1. If \(x = \begin{bmatrix} x_{1}\\ x_{2}\end{bmatrix}\in \R^{2}\), then \(Px = \begin{bmatrix} x_{1}\\ 0\end{bmatrix} = x_{1}\begin{bmatrix} 1\\ 0\end{bmatrix} \in V\)

2. If \(x\in V\), then \(x = \begin{bmatrix} x_{1}\\ 0\end{bmatrix}\) for some \(x_{1}\in\R\), then \(Px = \begin{bmatrix} x_{1}\\ 0\end{bmatrix} = x\)

Orthogonal Projection

Example 1 continued. 

3. Let \(w = \begin{bmatrix} w_{1}\\ w_{2}\end{bmatrix}\)

 

      \(Pw = \begin{bmatrix} w_{1}\\ 0\end{bmatrix}\)   and   \(w-Pw = \begin{bmatrix} w_{1}\\ w_{2}\end{bmatrix} - \begin{bmatrix} w_{1}\\ 0\end{bmatrix} = \begin{bmatrix} 0\\ w_{2}\end{bmatrix}\)

 

Thus,

\[Pw\cdot (w-Pw) = \begin{bmatrix} w_{1}\\ 0\end{bmatrix}\cdot \begin{bmatrix} 0\\ w_{2}\end{bmatrix} = w_{1}\cdot 0 + 0\cdot w_{2} = 0\]

Orthogonal Projection

Example 2. If

\[W = \text{span}\left\{\begin{bmatrix} 1\\ 1\\ 1\end{bmatrix}, \begin{bmatrix} 1\\ -1\\ 0\end{bmatrix}\right\}\]

then

\[Q = \frac{1}{6}\begin{bmatrix} 5 & -1 & 2\\ -1 & 5 & 2\\ 2 & 2 & 2\end{bmatrix}\]

is the orthogonal projection onto \(W\).

Note that

\(\dfrac{1}{6}\begin{bmatrix} 5 & -1 & 2\\ -1 & 5 & 2\\ 2 & 2 & 2\end{bmatrix}\begin{bmatrix} 1\\ 1\\ 1\end{bmatrix} = \begin{bmatrix} 1\\ 1\\ 1\end{bmatrix}\)    and    \(\dfrac{1}{6}\begin{bmatrix} 5 & -1 & 2\\ -1 & 5 & 2\\ 2 & 2 & 2\end{bmatrix}\begin{bmatrix} 1\\ -1\\ 0\end{bmatrix} = \begin{bmatrix} 1\\ -1\\ 0\end{bmatrix}\)

Orthogonal Projection

Example 2 continued.

If \(x\in W\), then \(x = a\begin{bmatrix} 1\\ 1\\ 1\end{bmatrix}+b\begin{bmatrix} 1\\ -1\\ 0\end{bmatrix}\) for some \(a,b\in\R\)

Thus

\(Qx = \dfrac{1}{6}\begin{bmatrix} 5 & -1 & 2\\ -1 & 5 & 2\\ 2 & 2 & 2\end{bmatrix}\left( a\begin{bmatrix} 1\\ 1\\ 1\end{bmatrix}+b\begin{bmatrix} 1\\ -1\\ 0\end{bmatrix}\right)\)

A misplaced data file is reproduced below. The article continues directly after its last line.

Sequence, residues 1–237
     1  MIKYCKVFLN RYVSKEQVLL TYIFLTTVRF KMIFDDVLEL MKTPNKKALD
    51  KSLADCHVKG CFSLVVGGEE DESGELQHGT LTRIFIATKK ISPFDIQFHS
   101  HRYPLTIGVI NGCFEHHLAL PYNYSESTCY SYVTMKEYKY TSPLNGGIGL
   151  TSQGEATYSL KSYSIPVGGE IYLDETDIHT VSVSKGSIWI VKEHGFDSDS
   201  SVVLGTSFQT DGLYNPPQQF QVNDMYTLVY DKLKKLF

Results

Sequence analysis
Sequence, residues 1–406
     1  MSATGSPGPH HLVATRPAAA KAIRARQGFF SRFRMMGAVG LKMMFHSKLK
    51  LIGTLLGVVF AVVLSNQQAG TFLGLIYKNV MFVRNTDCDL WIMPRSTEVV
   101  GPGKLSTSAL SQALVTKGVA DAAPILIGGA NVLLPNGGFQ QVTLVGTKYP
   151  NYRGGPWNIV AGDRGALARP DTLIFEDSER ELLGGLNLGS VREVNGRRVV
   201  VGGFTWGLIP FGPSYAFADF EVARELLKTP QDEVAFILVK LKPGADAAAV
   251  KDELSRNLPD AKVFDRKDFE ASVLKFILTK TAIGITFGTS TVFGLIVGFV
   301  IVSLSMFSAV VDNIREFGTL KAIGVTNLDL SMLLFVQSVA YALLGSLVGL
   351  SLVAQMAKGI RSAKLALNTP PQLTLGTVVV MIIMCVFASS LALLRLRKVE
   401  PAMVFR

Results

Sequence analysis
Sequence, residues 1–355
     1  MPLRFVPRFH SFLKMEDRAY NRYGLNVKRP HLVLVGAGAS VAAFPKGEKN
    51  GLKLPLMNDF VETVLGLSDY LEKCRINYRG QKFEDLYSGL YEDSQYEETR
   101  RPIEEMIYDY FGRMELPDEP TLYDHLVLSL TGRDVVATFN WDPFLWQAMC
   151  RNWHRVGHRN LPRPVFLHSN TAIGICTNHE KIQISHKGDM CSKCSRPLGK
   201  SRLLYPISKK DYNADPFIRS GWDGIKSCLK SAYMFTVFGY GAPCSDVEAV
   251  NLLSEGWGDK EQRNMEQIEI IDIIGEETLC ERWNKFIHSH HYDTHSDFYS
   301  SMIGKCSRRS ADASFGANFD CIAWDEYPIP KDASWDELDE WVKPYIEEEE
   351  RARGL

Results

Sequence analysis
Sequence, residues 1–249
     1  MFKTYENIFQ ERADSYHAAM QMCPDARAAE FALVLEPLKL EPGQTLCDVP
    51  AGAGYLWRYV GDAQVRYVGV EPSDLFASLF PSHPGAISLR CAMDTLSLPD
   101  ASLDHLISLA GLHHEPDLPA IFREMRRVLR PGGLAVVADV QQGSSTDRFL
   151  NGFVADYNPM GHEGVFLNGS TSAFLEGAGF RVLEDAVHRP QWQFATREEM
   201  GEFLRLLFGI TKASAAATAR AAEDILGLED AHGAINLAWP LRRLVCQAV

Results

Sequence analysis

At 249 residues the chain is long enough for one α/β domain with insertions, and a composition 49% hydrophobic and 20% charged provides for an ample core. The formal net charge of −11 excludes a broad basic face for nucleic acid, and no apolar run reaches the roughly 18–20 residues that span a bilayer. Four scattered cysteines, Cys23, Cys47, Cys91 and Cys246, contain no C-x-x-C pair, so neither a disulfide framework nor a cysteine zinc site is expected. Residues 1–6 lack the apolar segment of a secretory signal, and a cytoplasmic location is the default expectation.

\(= \dfrac{a}{6}\begin{bmatrix} 5 & -1 & 2\\ -1 & 5 & 2\\ 2 & 2 & 2\end{bmatrix} \begin{bmatrix} 1\\ 1\\ 1\end{bmatrix}+\dfrac{b}{6}\begin{bmatrix} 5 & -1 & 2\\ -1 & 5 & 2\\ 2 & 2 & 2\end{bmatrix} \begin{bmatrix} 1\\ -1\\ 0\end{bmatrix}\)

      \(= a\begin{bmatrix} 1\\ 1\\ 1\end{bmatrix}+b\begin{bmatrix} 1\\ -1\\ 0\end{bmatrix} = x\)

This proves that property 2 of an orthogonal projection holds. It is left to you to verify the other two properties hold.

How to find an orthogonal projection matrix

Proposition. Assume \(V\subset\R^{n}\) is a subspace and \(\{v_{1},\ldots,v_{k}\}\) is an orthonormal basis for \(V\). If \[A = \begin{bmatrix} v_{1} & v_{2} & \cdots & v_{k}\end{bmatrix},\]

then the matrix \(P = AA^{\top}\) is the orthogonal projection onto \(V\).

Proof. We will show that \(P\) has all of the desired properties. From the discussion earlier we have \(AA^{\top}v = v\) for all \(v\in V\).

Let \(w\in\R^{n}\). It is clear that \(AA^{\top}w\in V\) since it is a linear combination of the columns of \(A\), which are elements of the basis for \(V\).

Since \(Pw\in V\), we have \(P^2w = Pw\). Additionally, \(P^{\top} = (AA^{\top})^{\top} = (A^{\top})^{\top}A^{\top} = AA^{\top}=P\). Using this, we have